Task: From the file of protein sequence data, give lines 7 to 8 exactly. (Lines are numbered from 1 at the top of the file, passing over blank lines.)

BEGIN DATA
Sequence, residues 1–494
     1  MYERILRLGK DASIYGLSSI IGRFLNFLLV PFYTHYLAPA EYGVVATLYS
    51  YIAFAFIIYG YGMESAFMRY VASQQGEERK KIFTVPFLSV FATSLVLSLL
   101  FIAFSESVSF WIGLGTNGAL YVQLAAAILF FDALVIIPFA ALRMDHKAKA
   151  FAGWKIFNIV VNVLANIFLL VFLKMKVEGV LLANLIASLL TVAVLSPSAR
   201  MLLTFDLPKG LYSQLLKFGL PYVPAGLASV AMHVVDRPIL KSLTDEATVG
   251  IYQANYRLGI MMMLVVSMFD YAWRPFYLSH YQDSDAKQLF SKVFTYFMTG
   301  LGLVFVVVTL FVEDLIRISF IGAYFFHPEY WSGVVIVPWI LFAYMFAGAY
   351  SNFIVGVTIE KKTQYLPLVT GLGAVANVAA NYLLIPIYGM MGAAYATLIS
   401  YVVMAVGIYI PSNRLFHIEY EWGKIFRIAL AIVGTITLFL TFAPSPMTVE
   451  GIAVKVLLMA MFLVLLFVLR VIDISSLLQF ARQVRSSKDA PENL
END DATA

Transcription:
   251  IYQANYRLGI MMMLVVSMFD YAWRPFYLSH YQDSDAKQLF SKVFTYFMTG
   301  LGLVFVVVTL FVEDLIRISF IGAYFFHPEY WSGVVIVPWI LFAYMFAGAY